Monday, 16 February 2015

Brickfield Hill (1) - The Hill

George St from Bathurst St, c, 1890 (SL-NSW)

Brick-making commenced in Sydney within weeks of the arrival of the First Fleet. James Bloodworth, a brick-maker in England before being transported, stumbled upon a usuable clay, and once this proved hard to retrieve, he worked his way further up the slope, away from the creek, and lucked upon a goodly supply of better quality clay. Of course, this was some distance from the small colony on the harbour. The creek became Cockle Creek, the brick-field became enclosed by George Street, Liverpool Street, Castlereagh Street, and Campbell Street. All to the east of George Street.

George St from Bathurst St last week

This area was mined for its clay from 1788 until 1841. Brick-making then moved slightly further afield to places lke Newtowm, Camperdown, and Pyrmont. By 1841 the colony was expanding rapidly. The Old Burial Ground had already been closed in 1820 and a new one commenced in Devonshire Street on the other side of Cockle Creek. George Street was teaming with industry and bullock wagons hauling timber, and fleece.

Sketched 1796 by Edward Dayes, purporting to be of the brick field hill on the way to Parramatta (NLA)

The original boundary of the colony was deemed to be the current location of Bathurst Street. But there was an issue with the intersection of George Street - the main artery from the harbour - and Bathurst Street. After, a long, steady incline up from Cockle Creek, there was a sudden increase in gradient, before steadying to travel past the ex-burial ground. This was the brick field hill. The bullock teams and sulkies struggled.

In 1838 a major piece of public works saw the brick field hill up George St, reduced 15 feet in height between Bathurst and Liverpool Streets, and made more gradual in gradient, with the millions of tons of spoil (mostly sandstone) being used to reclaim the southern end of Cockle Bay and to elevate the southern part of George Street. Convict labour was plentiful, what with teams of men hauling bricks from the brick fields to the government buildings around the cove, from dawn to dusk already. These teams came either from the Carters' Barracks - on one edge of the Devonshire Burial Ground, now Central Station - or, from the hulk "Phoenix" anchored out in Sydney Cove.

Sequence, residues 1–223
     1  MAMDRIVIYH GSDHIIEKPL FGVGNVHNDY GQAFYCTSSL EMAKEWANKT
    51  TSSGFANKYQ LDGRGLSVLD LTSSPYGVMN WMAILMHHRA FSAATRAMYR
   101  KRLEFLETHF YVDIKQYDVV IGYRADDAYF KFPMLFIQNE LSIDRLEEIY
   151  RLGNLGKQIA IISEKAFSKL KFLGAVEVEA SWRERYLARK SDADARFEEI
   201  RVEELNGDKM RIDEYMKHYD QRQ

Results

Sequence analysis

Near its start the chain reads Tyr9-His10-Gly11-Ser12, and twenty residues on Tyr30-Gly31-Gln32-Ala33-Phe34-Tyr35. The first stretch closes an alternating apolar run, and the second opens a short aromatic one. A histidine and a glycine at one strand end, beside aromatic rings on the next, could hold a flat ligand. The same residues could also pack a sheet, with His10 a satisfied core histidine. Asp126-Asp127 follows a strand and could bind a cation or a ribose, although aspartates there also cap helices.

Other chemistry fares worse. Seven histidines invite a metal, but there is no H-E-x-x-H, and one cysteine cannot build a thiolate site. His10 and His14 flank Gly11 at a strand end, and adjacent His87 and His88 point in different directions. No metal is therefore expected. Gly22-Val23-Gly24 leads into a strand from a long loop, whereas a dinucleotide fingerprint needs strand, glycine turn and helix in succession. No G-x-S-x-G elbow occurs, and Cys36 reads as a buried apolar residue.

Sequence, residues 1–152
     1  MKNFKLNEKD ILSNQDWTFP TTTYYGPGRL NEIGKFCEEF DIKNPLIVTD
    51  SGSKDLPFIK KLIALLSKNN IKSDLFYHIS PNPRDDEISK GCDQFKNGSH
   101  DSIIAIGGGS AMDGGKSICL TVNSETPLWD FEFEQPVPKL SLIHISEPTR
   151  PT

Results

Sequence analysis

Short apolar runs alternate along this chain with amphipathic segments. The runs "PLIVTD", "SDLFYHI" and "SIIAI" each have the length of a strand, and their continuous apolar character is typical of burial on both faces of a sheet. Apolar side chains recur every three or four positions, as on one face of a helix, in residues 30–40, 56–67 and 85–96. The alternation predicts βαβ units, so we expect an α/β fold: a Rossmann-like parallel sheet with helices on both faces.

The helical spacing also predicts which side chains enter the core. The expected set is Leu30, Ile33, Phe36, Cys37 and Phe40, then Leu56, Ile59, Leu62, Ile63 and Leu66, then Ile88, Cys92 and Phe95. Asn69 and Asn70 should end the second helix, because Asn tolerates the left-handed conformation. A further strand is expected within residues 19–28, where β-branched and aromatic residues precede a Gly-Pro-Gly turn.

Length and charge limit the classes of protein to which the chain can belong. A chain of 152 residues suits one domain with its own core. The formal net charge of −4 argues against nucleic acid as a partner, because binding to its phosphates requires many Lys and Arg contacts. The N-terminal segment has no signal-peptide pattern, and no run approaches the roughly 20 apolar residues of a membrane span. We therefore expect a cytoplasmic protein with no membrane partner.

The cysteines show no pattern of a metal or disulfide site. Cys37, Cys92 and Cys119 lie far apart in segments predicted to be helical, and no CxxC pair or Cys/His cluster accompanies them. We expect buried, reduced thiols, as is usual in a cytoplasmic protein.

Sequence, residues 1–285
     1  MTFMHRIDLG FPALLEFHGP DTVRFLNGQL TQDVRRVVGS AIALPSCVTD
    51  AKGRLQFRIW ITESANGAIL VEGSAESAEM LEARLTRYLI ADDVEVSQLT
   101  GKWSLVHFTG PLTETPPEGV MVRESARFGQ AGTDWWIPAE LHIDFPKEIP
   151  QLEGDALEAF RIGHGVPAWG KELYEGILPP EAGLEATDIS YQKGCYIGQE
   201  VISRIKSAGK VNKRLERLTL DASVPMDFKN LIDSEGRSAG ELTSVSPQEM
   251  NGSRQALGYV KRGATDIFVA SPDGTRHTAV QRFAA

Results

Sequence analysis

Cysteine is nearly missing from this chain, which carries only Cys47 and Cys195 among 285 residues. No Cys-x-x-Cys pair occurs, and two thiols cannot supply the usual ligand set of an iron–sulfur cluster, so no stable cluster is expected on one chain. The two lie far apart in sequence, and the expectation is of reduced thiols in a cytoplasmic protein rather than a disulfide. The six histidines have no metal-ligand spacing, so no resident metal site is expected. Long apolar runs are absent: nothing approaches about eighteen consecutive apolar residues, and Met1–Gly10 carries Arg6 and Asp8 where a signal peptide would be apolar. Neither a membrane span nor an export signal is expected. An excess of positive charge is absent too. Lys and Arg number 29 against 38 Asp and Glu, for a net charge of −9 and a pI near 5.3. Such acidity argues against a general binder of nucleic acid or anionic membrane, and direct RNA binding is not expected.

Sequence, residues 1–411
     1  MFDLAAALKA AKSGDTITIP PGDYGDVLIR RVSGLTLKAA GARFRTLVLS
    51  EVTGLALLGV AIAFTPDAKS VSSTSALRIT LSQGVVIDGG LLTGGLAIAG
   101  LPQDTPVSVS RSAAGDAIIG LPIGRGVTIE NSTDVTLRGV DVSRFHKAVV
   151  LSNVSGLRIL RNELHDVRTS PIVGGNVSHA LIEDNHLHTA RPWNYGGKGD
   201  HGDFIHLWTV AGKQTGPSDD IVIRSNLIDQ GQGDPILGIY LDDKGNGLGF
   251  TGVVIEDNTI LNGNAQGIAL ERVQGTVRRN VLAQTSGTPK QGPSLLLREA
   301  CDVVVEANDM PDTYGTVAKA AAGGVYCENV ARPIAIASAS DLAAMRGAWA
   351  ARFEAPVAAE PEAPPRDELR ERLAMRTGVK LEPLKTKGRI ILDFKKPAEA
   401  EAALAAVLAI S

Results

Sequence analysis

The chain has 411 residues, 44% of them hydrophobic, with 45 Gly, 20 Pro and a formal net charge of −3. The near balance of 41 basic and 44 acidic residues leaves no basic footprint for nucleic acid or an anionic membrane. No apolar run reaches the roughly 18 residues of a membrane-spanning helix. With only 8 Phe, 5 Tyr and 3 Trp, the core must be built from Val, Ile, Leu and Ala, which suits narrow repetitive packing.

They simply chopped the top off the hill. Yep, that sort of behaviour is still in our genes.

Looking across George St, and down Bathurst St to the west (2015). About 15 feet of rock has been removed.


Denton Harryman said...

interesting history .. love the sketch from 1788 .. so Australia has a history of hill top removal .. hopefully not as bad as the mining practice in the US known as mountain topping ... it seems to me that the hill top removal you described served a public service.

William Kendall said...

Quite a change on George Street!

Joe said...

We have certainly left our footprint on this terrain Julie.

Joan Elizabeth said...

The modern street is not a pretty building-wise but is greener which is a plus.

Alain said...

J'adore les vieilles photos. Cela ressemble vraiment au far west américain.

Julie said...

Joan, that stretch of Sydney is truly an abomination. Down closer to Central is fine, up close to Town Hall and the Cathedral is fine. Just the 250m of "Brickfield Hill" which covers what is loosely termed "the entertainment precinct" is terrible. Bars, takeaways, cheap jewellery, pinball parlors, pubs ... not me at all.

Julie said...

Alain, yes, I like the style of the opening image, too. I can see why it reminds you of the wild west of America. However, there are no lone cowboys astride thgeir horse, and definitely no-one toting "heat".